photo by Andrew J Gonzales

photo by Andrew J Gonzales

Bio:

Daniela Riojas is an interdisciplinary artist from the U.S. - Mexico, border of based out of San Antonio, TX; specializing in performance, photography, film, installation, and music. Her work deals in issues concerning reconnection to indigeny, ancient ritual, de-colonization, rediscovery of the matriarch, and investigation of the self. Daniela is the owner of local photography and media business, “ZaaZaa Productions,” voted Best Local Photographer by the SA Current in 2013 and works out of her studio "Studio 111: Daniela Riojas Multimedia Arts" as a part of the Lone Star Art District. She studied English-Creative Writing at The University of San Antonio, TX and also attended the Vermont Studio Center Residency Program in the winter of 2013. She is a Surdna Foundation grant recipient, a former artist-in-residence at the Guadalupe Cultural Arts Center through the Artist Lab Fellowship Program, and was awarded a grant for Media Arts from the Cultural and Creative Development Department of the City of San Antonio through the Artist Foundation in 2015. Her most recent performance My Well, My Stream, The River, was awarded “Best of CAM” for “most exceptional artwork” during Contemporary Art Month in 2016. Daniela is the lead singer and composer for progressive, fusion band, Femina X.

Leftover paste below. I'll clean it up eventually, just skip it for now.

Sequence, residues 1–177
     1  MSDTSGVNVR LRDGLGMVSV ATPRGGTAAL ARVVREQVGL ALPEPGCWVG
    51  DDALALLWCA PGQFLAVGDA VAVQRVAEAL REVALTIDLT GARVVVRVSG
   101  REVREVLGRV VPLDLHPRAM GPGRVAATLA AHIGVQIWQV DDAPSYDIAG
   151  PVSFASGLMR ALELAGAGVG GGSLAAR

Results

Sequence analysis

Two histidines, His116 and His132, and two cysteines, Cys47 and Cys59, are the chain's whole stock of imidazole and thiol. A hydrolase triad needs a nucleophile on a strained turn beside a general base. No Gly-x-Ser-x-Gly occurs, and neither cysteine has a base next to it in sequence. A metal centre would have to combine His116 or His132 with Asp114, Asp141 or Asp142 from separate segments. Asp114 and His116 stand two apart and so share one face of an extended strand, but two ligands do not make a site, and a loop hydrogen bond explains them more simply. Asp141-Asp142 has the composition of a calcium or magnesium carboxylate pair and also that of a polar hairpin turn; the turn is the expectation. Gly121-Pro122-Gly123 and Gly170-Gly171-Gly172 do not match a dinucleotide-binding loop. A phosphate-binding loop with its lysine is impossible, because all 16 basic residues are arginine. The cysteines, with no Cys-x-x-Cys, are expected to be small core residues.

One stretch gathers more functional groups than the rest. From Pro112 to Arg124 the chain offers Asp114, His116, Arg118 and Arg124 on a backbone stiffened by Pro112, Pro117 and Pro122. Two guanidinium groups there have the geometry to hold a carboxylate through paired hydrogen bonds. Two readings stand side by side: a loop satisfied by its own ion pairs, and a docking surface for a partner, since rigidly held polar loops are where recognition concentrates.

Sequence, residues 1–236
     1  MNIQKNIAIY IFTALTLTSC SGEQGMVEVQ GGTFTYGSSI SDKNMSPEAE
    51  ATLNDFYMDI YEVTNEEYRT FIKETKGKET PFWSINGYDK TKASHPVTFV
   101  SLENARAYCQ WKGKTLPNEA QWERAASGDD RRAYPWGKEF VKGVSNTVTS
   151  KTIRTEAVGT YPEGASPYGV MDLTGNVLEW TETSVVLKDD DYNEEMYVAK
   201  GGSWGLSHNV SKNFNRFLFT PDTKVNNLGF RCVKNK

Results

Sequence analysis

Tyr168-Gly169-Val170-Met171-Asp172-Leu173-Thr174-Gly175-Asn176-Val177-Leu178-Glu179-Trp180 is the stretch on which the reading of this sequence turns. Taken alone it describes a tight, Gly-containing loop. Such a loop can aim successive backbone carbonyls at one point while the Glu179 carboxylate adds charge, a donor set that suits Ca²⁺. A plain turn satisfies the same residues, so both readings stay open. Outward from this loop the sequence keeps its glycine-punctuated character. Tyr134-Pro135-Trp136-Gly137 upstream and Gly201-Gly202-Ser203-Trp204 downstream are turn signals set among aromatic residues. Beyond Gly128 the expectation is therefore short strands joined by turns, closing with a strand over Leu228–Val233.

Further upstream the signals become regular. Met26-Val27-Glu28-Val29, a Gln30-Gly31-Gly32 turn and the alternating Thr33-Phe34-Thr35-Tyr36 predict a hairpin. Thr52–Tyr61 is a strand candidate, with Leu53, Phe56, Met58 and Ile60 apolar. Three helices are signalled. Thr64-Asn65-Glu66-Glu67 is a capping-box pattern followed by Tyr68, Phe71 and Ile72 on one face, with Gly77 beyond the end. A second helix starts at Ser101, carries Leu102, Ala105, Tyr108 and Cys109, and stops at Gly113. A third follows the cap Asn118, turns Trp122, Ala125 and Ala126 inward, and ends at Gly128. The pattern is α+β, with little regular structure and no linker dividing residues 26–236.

Artist statement:

I am interdisciplinary artist currently based out of San Antonio, Texas originally from the US-Mexico border. My creative body of work recalls ancient ritual practices that engage in anachronistic couplings of pre-colonial world concepts and contemporary cultural theory. Throughout my process, my corporeal presence attempts a locative terrestrial engagement for the sake of performance narratives, drawing on historical records of a land and using my body as a canvas to express personal anecdotes and/or socio-political commentary. Using my process of, “individuation through embodiment,” developed through studies in Jungian philosophy, I physically place myself in a mode of abstract worship as a way to connect to indigenous deities, totems, archetypes, and new mythic characters. I capture this process through self-portraiture, performance, installation, and video. The images and performances become vehicles for remnants of a lost spiritual history. Bringing them to the forefront of contemporary art likewise brings along education about pre-colonial mythologies, which can help reconstruct a cohesive and collective consciousness free from the imposition of imperialist dogma.